Africare is working in partnership with Project Peanut Butter, Washington University, Cornell University, University of Texas, and the University of Malawi at The Institute for Child Wellness in Africa to test a new RUTF formula that can support physical growth and provide the fatty acids necessary for brain development. The clinical trial, funded by Unorthodox Philanthropy, Open Society, and Washington University, is testing a slight adjustment in the formula, using newly-available non-GMO high-oleic peanuts. The findings of this study could change the management of malnutrition around the world to emphasize mental development, as well as physical recovery, and create a new global protocol –protecting children’s bodies and minds from the life-long repercussions of malnutrition.

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Africare and Merck Partner to Build a Better Future for the Children of Africa

Africare and Merck & Co., Inc.* collaborated this year to continue our commitment to building bright, vibrant futures for Africa’s children.

Through the MSD Fellowship for Global Health, three Merck employees spent three months in Malawi with Africare to focus on the development of a five-year strategic plan for The Institute for Child Wellness in Africa (TICWA).   With expertise in strategic planning, clinical research, and communication & stakeholder engagement, the Merck Fellows developed a clear roadmap to accelerate TICWA’s success.

“After speaking to over fifty officials from local Ministries, academic institutions, NGOs, and the funder community, we were heartened to learn that the experts that live and breathe in this space see a tangible, palpable need for TICWA to fill in a large gap in global efforts to advance child development and wellness in resource-limited settings.  Africare, through TICWA, is uniquely positioned to drive important translational research to improve child wellness in Malawi and throughout Africa”.   – David Hauben, Merck Fellow.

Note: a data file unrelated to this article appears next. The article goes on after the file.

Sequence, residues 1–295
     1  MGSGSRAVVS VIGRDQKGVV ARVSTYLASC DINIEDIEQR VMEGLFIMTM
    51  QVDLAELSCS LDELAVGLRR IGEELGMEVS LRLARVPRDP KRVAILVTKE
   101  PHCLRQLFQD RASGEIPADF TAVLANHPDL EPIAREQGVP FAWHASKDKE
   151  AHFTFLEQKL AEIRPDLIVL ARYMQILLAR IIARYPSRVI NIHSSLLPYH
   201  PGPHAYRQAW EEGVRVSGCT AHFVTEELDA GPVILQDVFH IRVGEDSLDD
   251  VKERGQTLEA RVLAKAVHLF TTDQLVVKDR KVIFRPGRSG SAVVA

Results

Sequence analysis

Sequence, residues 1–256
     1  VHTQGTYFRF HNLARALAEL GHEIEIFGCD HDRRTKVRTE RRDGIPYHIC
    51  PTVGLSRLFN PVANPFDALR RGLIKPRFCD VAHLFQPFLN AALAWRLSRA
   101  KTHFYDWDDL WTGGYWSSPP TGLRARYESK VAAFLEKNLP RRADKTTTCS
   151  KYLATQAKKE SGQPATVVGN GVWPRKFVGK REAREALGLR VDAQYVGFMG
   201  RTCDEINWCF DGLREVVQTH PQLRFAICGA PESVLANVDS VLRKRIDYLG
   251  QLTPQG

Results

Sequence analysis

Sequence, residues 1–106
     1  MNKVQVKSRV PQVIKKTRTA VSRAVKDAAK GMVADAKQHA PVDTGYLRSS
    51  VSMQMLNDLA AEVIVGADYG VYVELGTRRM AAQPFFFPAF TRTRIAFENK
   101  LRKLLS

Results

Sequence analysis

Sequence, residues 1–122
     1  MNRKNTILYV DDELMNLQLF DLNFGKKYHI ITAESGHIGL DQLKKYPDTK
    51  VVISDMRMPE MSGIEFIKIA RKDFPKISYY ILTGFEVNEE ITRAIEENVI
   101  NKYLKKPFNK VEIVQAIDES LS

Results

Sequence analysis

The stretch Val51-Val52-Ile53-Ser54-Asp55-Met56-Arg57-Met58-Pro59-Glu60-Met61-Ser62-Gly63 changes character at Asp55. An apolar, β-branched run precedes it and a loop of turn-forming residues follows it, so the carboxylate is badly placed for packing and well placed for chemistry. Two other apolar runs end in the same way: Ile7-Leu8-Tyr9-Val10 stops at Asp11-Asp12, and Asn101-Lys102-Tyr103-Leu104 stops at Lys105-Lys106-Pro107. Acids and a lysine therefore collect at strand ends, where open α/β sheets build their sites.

Thanks to Merck, Africare has a stronger strategic plan to ensure that TICWA is well positioned to advance its mission to keep children well and help them thrive.  Our heartfelt thanks go out to Merck Fellows Shobhna Gopal-Truter, David Hauben, and Susie Wood for their invaluable contributions in Malawi.

 

* Known as MSD outside U.S. and Canada

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Africare’s Innovation Hubs: Creating Local Solutions to Local Challenges

In most African countries, a fever equals malaria. And this is true for kids too. However, new field tests for malaria are revealing that the majority of patients (and children) presenting with fever might not have malaria or malaria alone.  So what do we now do? How do we tell a child’s caregiver how best to help their child back to health if they are not malaria positive?

Africare is tackling this HUGE question that impacts most of sub-Saharan Africa at The Institute for Child Wellness in Africa’s Innovation Hub at the University of Malawi. Through cost-effective research, Malawian researchers are determining how many fevers have more than malaria at their root.